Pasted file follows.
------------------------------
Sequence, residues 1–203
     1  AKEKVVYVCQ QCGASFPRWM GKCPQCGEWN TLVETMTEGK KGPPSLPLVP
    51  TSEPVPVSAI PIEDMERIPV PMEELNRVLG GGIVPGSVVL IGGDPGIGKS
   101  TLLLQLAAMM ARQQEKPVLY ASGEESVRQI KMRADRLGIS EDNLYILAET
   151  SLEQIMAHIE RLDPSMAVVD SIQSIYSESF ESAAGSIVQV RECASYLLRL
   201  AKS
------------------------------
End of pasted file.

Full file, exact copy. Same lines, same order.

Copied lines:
Sequence, residues 1–203
     1  AKEKVVYVCQ QCGASFPRWM GKCPQCGEWN TLVETMTEGK KGPPSLPLVP
    51  TSEPVPVSAI PIEDMERIPV PMEELNRVLG GGIVPGSVVL IGGDPGIGKS
   101  TLLLQLAAMM ARQQEKPVLY ASGEESVRQI KMRADRLGIS EDNLYILAET
   151  SLEQIMAHIE RLDPSMAVVD SIQSIYSESF ESAAGSIVQV RECASYLLRL
   201  AKS